Kids found working on poultry plant kill floor where teen died last year

Children were allegedly among the workers on the kill floor of a poultry plant in Alabama operated by a company previously found responsible for the death of a teenager, according to court filings.

Investigators with the Wage and Hour Division earlier this month raided Mar-Jac Poultry, where they uncovered “oppressive child labor,” including “children working on the kill floor deboning poultry and cutting carcasses,” according to court filings obtained by the Hattiesburg American. Authorities were executing a civil search warrant at the time.

“The children had been working at the facility for months, and Defendant continually removed goods from the facility the entire time, including after the search warrant, and over the [Wage Hour Division’s] objection,” the filings said.

At least five minors were found “working on the killing floor, hanging live chickens on hooks for slaughter and cutting meat from the carcasses, which is a prohibited hazardous occupation for minors.” investigators said.

Mar-Jac Poultry has since denied knowing they had minors working at the facility. In a statement to ABC News, it claimed all of its workers were hired with documents “that showed they were over 18 years of age.” It further alleged the workers that government officials claim to be minors were not working on the kill floor but instead handled poultry in other areas of the facility, which is not illegal according the federal child labor laws.

“Mar-Jac will continue to vigorously defend itself and expects to prevail in this matter,” the company said. “Mar-Jac is committed to complying with all relevant law.”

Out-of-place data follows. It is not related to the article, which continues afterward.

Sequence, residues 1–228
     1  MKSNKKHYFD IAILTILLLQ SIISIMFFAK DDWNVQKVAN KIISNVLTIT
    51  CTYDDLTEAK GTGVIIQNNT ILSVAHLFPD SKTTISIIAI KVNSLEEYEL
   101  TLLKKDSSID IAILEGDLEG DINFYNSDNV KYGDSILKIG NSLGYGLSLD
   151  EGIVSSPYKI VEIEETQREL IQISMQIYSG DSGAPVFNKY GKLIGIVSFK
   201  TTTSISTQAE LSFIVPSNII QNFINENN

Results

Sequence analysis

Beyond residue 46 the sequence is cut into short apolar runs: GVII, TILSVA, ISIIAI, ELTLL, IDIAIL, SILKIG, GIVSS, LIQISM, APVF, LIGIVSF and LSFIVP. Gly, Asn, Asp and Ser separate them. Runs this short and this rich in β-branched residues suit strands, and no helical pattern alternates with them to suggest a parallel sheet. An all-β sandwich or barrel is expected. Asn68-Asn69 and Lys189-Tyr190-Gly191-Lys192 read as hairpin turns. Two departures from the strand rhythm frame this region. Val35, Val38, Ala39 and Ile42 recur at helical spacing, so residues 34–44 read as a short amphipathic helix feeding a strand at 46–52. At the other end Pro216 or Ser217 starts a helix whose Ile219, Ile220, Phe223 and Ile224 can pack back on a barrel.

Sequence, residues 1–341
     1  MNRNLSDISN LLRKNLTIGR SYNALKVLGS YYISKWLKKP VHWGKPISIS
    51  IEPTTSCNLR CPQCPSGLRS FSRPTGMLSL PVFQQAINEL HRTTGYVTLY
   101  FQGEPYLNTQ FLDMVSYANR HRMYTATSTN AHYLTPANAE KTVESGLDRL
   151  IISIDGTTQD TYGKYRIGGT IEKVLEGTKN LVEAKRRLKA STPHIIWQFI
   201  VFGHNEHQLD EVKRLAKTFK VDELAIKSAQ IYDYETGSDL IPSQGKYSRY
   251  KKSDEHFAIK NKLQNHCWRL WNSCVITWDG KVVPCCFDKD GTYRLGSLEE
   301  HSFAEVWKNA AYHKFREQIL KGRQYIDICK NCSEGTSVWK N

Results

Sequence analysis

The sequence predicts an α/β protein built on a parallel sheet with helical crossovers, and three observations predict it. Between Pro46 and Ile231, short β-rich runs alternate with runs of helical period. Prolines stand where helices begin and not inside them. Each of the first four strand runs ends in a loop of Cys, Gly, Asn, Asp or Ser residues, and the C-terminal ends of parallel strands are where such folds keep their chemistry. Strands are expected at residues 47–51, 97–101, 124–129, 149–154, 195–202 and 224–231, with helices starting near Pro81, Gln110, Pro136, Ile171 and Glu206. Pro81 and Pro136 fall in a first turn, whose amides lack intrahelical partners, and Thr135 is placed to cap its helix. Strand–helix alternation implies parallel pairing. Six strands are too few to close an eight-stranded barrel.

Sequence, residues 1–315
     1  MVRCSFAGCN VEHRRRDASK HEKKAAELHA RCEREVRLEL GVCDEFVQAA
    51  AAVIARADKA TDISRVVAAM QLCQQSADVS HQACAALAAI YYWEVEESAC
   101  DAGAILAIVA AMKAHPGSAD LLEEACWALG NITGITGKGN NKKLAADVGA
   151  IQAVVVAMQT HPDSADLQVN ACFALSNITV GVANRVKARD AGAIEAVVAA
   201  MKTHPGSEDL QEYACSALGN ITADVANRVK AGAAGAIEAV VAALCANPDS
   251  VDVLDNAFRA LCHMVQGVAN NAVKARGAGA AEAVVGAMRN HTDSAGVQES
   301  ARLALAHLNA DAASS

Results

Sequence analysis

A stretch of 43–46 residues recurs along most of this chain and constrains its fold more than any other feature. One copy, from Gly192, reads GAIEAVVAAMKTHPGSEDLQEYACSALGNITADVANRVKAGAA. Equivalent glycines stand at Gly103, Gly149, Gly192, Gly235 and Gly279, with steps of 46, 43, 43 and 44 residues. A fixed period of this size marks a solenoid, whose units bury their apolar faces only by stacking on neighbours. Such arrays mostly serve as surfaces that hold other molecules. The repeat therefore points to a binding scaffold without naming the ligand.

In wake of the discovery, the Department of Labor sought a court order to stop the company from selling and shipping “poultry tainted by oppressive child labor.” Mar-Jac in response said it would have to layoff more than 1,000 workers if the facility is forced to temporarily shut down. Even just 30 days would result in “seismic economic consequences on the community,” it said.

It comes nearly a year after the death of Duvan Perez, a 16-year-old who died while cleaning a poultry processing machine at a Mar-Jac facility. Federal regulators earlier this year called his July 2023 death “a preventable, dangerous situation” that no worker should have been in, “let alone a child.”

The Occupational Safety and Health Administration cited Mar-Jac Poultry with 14 serious and three “other than serious” violations and proposed $212,646 in penalties for Perez’s death. His mother has also filed wrongful death lawsuit against Mar-Jac and two of its employees as well as the hiring agency that landed her son the gig. She alleged the defendants “acted intentionally, willfully, wantonly, knowingly, with malice and/or were grossly negligent and in reckless disregard to the rights and the safety of the decedent and others similarly situated.”

A judge has not yet decided whether to block the selling and shipping of products from Mar-Jac Poultry’s Alabama facility.